Some of the states, including New York, require purchasers to sign affidavits saying that they won’t use information to identify individuals. Washington has no such requirement.

$2.7 Trillion

The medical-data industry is projected to surpass $10 billion by 2020, according to McKinsey & Co., driven largely by President Obama’s health-care overhaul, which mandates the maintenance of electronic medical records and data sharing to rein in growth of U.S. health care costs, estimated at $2.7 trillion in 2011.

Companies that benefit from buying states’ hospital records include IMS Health Inc., the provider of prescription data that was taken private by TPG Capital and Canada Pension Plan Investment Board for $5.1 billion in 2010. Other buyers are OptumInsight, a division of UnitedHealth Group Inc. (UNH), the biggest U.S. health insurer, and WebMD Health Corp. (WBMD), which supplements its consumer website with services advising companies and insurers.

Buyers can use the information to better understand hospital costs, analyze prescription-drug use and help recruiters identify top-performing physicians. A major target is helping the pharmaceutical industry tailor ads to doctors and potential patients. Drug companies spent $10.5 billion on advertising last year, according to IMS.

‘Nuclear Energy’

“Electronic health information is like nuclear energy,” said Jim Pyles, principal of Powers Pyles Sutter & Verville PC in Washington, who specializes in health law and policy. “If it’s harnessed and kept under tight control, it has potential for good. But if it gets out of control, the damage is incalculable.”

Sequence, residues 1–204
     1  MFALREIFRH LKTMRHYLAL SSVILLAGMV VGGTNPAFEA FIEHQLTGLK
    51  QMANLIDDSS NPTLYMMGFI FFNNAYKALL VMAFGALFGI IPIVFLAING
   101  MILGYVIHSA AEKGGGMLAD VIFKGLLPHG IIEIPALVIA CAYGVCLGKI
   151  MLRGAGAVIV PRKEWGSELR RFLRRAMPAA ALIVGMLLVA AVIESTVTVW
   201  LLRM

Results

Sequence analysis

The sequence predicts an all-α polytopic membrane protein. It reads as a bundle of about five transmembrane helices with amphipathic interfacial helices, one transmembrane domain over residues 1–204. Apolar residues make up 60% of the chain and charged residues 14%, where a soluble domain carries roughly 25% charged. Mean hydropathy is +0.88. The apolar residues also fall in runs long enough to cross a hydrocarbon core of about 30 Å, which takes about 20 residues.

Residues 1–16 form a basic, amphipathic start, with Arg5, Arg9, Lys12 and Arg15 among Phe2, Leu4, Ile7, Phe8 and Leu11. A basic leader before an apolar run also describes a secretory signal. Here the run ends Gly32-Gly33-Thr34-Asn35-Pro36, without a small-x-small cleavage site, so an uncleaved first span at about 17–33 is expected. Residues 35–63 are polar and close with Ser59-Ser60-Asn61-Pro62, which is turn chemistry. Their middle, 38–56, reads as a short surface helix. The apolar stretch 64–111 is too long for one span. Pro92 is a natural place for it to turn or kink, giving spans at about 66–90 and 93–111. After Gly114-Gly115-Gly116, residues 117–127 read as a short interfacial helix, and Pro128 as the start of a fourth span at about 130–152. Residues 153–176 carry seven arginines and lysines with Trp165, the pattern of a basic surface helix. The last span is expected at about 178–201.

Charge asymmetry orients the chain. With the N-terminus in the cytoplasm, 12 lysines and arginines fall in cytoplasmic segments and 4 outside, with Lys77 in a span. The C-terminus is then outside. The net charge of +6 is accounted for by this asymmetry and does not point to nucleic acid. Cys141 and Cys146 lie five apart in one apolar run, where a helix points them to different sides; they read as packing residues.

Using only public record searches, Bloomberg News collected information about how hospital data is distributed from the most populous states and, with Sweeney’s help, analyzed it. Her research will be presented today at the International Summit on the Future of Health Privacy in Washington.

Along with Washington, records in New York, New Jersey, Tennessee and Arizona were particularly vulnerable. Those states also include some combination of age, ZIP codes and admission and discharge dates.

No breaches of personal privacy were uncovered. Still, the information would have enormous value in the wrong hands, said Jim Adler, former chief privacy offer of Intelius Inc., an online background-check provider.

Data ‘Leverage’

“People will use that information if they can move the needle with it,” Adler said. “It’s all about leverage, and medical data is leverage.”

Health information obtained through other means, such as computer hacking or insider theft, is already abused for insurance fraud and identity theft. Data breaches have also exposed millions of patient records. The ability to find a person’s medical file in public data represents a new danger.

Boylston is one of several dozen people who could be identified by reference to public records, which were purchased by Harvard’s Sweeney in a bundle for $50.

Many other identified patients requested anonymity.

An executive treated for assault was found to have a painkiller addiction. A businessman who had gone missing was shown to have poisoned himself in a suicide attempt and had been diagnosed with pancreatic cancer. A retiree who crashed his motorcycle was described as arthritic and morbidly obese.

Blood Clotting

Dick Zais, 63, a former city manager of Yakima, Washington, was in there too — for a blood-clotting emergency. He said he wasn’t concerned that details of that incident were disclosed, since he himself revealed the condition to the press. He did ask that an older condition included in his record remain private.

“It’s come to the point where we need to think long and hard about whether we can actually expect privacy anymore,” he said.